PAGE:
Ruth Paxton’s women-led horror sees a mother tested when her daughter insists that her body is no longer her own, but in service to a higher power.



A Banquet

Ruth Paxton

In Ruth Paxton’s spellbinding debut feature, widowed mother Holly (Sienna Guillory) grapples with eldest daughter Betsey’s (Jessica Alexander) disturbing conviction that her body has become a vessel for an unknown higher power, one that has ominously robbed her of any appetite, and which Betsey believes heralds a cataclysmic upheaval.

At first, her condition is suspected to be an act of adolescent rebellion or a psychological break. But despite her refusal to eat, Betsey loses no weight and gains a growing faith in her newfound and enigmatic sense of purpose. As her daughter’s personality is further subsumed by this affliction, Holly finds herself confronting the boundaries of her own beliefs and the repressed traumas of her past.

Towing the line between discomforting body horror and simmering psychodrama, Paxton skillfully escalates a common domestic dynamic (“You’re not leaving the table until you finish your plate!”) towards the upsetting but profound parental fears of being unable to understand one’s own child, what they want or need, and how to protect them from the external forces of an unforgiving world. Guillory and Alexander are both exceptional in dramatizing these conflicts, as Justin Bull’s intimate screenplay asks them to ricochet between immense emotional extremes.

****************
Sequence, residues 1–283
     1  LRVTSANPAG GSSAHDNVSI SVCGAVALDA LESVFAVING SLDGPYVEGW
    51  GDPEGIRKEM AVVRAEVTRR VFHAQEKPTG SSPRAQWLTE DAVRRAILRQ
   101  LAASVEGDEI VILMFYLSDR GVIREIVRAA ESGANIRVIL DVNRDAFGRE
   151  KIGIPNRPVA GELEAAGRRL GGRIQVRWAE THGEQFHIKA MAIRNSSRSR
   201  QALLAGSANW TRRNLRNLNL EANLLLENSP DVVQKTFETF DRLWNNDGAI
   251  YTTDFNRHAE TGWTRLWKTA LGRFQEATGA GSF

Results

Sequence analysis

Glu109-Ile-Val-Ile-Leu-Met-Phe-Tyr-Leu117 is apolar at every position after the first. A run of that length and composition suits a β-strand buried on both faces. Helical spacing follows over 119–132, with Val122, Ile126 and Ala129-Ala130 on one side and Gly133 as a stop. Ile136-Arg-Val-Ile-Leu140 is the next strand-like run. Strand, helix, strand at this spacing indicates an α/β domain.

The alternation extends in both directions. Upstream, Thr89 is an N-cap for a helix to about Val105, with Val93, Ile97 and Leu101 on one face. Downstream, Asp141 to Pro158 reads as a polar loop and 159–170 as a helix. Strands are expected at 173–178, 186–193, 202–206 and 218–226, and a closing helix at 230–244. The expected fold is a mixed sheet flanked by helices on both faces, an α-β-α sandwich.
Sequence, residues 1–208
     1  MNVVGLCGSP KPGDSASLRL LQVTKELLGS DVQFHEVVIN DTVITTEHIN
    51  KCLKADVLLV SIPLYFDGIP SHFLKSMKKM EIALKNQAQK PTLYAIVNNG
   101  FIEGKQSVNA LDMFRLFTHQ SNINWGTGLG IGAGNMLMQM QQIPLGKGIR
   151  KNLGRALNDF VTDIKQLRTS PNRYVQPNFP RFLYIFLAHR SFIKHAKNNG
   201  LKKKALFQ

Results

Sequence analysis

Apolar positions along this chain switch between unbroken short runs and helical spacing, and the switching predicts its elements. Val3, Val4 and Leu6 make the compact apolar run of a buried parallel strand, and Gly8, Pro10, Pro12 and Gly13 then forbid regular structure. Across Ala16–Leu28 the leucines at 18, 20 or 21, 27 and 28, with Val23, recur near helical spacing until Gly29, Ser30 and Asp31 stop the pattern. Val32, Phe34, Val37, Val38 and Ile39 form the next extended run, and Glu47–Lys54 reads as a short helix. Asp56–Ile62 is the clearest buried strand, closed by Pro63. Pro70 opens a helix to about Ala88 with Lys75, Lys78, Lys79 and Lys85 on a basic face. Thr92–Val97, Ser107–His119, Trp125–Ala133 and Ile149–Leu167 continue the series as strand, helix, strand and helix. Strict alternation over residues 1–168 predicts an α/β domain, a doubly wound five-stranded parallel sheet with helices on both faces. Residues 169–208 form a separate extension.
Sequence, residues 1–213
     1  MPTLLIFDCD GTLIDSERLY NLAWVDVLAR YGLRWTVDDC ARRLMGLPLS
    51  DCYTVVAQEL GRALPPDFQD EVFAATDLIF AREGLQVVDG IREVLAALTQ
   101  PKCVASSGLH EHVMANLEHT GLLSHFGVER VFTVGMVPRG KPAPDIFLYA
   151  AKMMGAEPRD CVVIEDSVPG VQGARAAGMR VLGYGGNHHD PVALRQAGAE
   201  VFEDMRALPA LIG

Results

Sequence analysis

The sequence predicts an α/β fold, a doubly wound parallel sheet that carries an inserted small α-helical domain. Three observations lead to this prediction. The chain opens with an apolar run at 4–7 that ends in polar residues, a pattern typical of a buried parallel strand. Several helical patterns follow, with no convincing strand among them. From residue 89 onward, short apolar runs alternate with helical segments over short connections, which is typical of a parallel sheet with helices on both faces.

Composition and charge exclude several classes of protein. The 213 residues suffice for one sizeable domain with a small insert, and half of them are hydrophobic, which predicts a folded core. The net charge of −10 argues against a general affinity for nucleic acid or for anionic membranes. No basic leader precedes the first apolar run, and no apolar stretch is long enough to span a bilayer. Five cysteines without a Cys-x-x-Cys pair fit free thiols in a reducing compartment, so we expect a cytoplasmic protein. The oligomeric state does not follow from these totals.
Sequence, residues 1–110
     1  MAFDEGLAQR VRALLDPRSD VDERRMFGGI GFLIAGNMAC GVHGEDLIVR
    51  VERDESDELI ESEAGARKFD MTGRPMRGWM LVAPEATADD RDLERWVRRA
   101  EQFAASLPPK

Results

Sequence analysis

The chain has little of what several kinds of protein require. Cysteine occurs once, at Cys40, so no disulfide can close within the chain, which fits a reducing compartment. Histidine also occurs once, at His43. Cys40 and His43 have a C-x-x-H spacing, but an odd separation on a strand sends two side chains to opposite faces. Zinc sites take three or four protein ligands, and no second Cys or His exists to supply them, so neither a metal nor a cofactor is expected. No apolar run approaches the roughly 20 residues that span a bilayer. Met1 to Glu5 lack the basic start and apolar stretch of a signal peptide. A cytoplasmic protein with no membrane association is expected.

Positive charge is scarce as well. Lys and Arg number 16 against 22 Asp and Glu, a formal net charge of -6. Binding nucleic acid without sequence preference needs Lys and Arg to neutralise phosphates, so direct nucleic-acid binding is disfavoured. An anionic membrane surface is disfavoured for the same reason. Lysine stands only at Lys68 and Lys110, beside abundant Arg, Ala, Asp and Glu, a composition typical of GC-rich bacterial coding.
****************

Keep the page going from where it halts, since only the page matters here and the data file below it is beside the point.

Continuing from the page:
Combined with stylish photography pervaded by grotesque culinary close-ups and subtle forays into nightmarish surrealism, A Banquet is a disquieting feast from a promising new filmmaker, with images and ideas that leave a potent and lingering aftertaste.


Content advisory: depictions of disordered eating, physical trauma (forced feeding), frightening scenes


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